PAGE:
The King’s Daughter


Lisa Marie Presley’s life was ultimately tumultuous and relatively brief.
Here entry into the world, however, was nonetheless quite sweet.

A couple of weeks into the new year, Lisa Marie Presley died at the age of 54. Like many kids born into show business royalty, hers was a tumultuous and ultimately abbreviated life. Money, fame and notoriety certainly do not bring happiness. Quite the contrary. Lisa Marie’s brief sojourn with us has been characterized by chaos. However, it all started amidst an environment of remarkable sweetness. Now, hold that thought.

My best friend comes from a most extraordinary family. We met in seventh grade and grew up together. His dad was one of the most successful portrait painters in the world. His mom was just a piece of work. We’ll call her Mrs. B.

I took them all for granted. I assumed every little Southern town had such a rarefied mob on its outskirts. With the crystalline clarity of hindsight, I had no idea how precious my time with these extraordinary people might have been.

There were four sons in this tribe. After the first, Mrs. B got the itch to do something different, so they bought an airplane. They lived on an expansive Mississippi Delta farm, so they bulldozed a runway in the cotton field behind the house. The young woman then got up every morning, flew to the small airfield at Mud Island in Memphis, Tenn., and attended medical school.

Mrs. B went to medical school at a time when not a lot of women did. She was the only female in her graduating class. Despite juggling her own growing family, commuting some 78 miles each day by air, and facing some pretty serious institutional misogyny, this lady knocked the ceiling out of the academic rankings. She soon became a practicing gynecologist. One day, she was on call when someone very special went into labor.

Elvis Presley was arguably the most popular entertainer who ever lived.
A poor man from exceptionally humble beginnings, Elvis ultimately rose to superstardom.

Back then, gender roles were pretty clearly delineated for the human birth process. Nowadays, guys are expected to be an active part of the festivities, helping manage breathing, cutting cords and the like. Back in the day, however, things were very different.

In 1968, the woman was responsible for going through labor, managing her own breathing, and actually birthing the child. By contrast, the male half of the happy union was expected to sit in the waiting room while smoking cigarettes and reading Field and Stream magazine. Sometimes he would bring some friends to help shoulder this weighty burden. So, it was this day when Priscilla Presley presented to the hospital along with her husband to welcome their new child.

Elvis Presley was but a humble Mississippi redneck transported into a very complex world. His expansive estate is what happens when you take a well-intentioned but simple man, give him all the money in the world, and then let him create a garish monument to 1970s-era tastelessness. You then cement it in time at the moment of his death for some half a million tourists per annum to gawk upon, and voila, you have Graceland. The King of Rock and Roll was indeed a once-in-world-history phenomenon.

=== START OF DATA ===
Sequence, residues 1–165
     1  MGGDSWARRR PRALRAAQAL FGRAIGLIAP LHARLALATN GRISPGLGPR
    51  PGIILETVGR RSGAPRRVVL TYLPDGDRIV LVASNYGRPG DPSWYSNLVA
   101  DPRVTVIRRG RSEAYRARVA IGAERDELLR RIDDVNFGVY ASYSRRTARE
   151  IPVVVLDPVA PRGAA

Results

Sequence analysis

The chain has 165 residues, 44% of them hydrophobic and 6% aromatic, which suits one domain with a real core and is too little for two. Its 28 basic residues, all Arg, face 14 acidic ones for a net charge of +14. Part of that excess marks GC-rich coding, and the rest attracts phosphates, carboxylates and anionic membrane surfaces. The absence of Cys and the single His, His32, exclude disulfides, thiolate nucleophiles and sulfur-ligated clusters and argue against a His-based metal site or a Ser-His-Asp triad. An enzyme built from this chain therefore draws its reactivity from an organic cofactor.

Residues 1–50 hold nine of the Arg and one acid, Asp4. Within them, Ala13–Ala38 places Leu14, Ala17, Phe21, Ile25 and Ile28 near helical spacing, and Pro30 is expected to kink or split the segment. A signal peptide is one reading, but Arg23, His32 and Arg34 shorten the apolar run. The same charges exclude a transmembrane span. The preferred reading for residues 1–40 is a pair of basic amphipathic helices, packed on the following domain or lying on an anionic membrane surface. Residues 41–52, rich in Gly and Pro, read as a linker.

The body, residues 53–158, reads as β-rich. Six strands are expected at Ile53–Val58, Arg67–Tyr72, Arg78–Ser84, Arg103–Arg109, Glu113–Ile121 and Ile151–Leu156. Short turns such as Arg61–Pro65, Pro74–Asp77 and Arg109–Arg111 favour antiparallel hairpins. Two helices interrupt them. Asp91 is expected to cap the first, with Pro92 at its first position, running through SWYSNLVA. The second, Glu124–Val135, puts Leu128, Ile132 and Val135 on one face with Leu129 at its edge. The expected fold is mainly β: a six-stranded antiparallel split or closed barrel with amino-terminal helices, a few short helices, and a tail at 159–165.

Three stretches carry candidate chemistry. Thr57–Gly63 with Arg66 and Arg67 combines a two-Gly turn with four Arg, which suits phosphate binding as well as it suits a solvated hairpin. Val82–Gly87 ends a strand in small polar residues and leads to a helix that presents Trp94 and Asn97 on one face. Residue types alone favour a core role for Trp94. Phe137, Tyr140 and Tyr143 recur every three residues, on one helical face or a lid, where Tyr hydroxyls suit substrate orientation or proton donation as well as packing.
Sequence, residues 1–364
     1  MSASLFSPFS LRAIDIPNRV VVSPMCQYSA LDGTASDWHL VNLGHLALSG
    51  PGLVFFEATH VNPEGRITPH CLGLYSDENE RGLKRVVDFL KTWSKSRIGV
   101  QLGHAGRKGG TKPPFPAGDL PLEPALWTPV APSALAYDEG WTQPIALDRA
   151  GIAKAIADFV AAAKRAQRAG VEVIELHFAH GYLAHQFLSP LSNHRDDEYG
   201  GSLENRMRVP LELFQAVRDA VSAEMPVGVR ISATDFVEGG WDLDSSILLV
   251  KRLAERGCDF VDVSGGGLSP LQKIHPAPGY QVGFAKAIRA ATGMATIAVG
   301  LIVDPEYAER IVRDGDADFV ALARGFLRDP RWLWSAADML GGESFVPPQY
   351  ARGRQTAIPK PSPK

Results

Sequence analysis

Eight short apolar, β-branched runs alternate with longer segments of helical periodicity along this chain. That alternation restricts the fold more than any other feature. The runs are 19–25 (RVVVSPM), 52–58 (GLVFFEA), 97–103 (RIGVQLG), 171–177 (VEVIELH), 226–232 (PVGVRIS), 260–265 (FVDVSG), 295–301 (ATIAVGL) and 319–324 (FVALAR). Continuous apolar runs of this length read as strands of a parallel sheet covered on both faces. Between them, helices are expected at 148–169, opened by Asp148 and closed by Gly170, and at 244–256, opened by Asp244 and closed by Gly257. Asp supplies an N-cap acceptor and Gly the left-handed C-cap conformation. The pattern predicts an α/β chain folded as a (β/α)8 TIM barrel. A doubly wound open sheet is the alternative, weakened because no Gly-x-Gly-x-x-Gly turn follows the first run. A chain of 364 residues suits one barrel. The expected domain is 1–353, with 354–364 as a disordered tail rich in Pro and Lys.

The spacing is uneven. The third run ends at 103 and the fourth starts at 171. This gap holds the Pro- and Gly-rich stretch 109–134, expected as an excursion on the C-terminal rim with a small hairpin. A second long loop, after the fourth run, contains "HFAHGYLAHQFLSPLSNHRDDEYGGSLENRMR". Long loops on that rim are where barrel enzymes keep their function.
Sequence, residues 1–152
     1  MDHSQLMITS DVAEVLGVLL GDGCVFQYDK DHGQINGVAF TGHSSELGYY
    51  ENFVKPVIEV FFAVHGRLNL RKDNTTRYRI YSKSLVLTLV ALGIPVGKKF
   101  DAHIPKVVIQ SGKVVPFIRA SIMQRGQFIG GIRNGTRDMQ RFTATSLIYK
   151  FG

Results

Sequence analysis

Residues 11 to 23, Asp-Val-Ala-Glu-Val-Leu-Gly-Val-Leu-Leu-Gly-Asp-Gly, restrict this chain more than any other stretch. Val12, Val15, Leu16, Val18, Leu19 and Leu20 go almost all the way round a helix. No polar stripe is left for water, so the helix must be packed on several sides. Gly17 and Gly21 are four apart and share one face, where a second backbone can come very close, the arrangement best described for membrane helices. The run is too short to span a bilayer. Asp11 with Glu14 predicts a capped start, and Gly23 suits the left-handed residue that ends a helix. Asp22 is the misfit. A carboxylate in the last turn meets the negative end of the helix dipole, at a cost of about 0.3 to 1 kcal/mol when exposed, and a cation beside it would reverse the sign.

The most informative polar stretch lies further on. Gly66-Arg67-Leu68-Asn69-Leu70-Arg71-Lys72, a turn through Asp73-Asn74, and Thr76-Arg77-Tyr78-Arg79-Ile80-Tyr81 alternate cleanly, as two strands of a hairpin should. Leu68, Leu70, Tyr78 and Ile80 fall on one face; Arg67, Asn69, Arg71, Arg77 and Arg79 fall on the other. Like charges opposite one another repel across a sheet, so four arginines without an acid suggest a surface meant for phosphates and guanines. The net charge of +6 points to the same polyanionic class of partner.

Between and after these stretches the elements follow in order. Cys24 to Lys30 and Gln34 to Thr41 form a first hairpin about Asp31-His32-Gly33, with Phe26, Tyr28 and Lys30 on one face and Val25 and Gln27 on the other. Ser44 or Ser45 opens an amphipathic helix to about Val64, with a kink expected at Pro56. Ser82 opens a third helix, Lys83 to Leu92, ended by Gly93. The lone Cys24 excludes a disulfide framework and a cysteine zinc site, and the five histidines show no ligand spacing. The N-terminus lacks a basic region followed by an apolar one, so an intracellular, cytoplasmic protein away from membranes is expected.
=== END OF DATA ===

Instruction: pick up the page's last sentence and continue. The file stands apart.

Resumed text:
Elvis went no place alone. In this case, he was accompanied by his standard entourage. Colonel Tom Parker was in attendance, as were his immediate family and sundry strap hangers. After all, that Field and Stream magazine wasn’t going to read itself. Mrs. B told me they did squirrel them all away in the doctors’ lounge to avoid precipitating a riot in the waiting room.

These were the days before ultrasound machines, so the gender and general health of a child were things to which one was not privy prior to birth. This made an already stressful event all the more so. Like any prospective dad serious about his craft, Elvis was justifiably anxious.

Once the technical aspects of the exercise were complete, Mrs. B went out to the doctors’ lounge to deliver the news. She was instantly mobbed. Everyone wanted to be the person to tell Elvis the details of the day’s proceedings. She dutifully pushed aside Colonel Parker and the rest of the hangers-on with a curt directive that this was something a man needed to hear for himself. She made her way through the crowd to take her place before the King of Rock and Roll.

Mrs. B told me that Elvis seemed terribly apprehensive. A man who performed before millions was now in a place where the well-being of those most precious to him hung in the balance. No matter your station in life, that’s a terribly lonely space.

She took Elvis’ hand, looked him in the eye, and explained that it was a girl, and that mother and daughter were both healthy and fine. In response, the most popular entertainer in the world shuddered slightly and then wept. The King had just become a dad, an experience that moved him.

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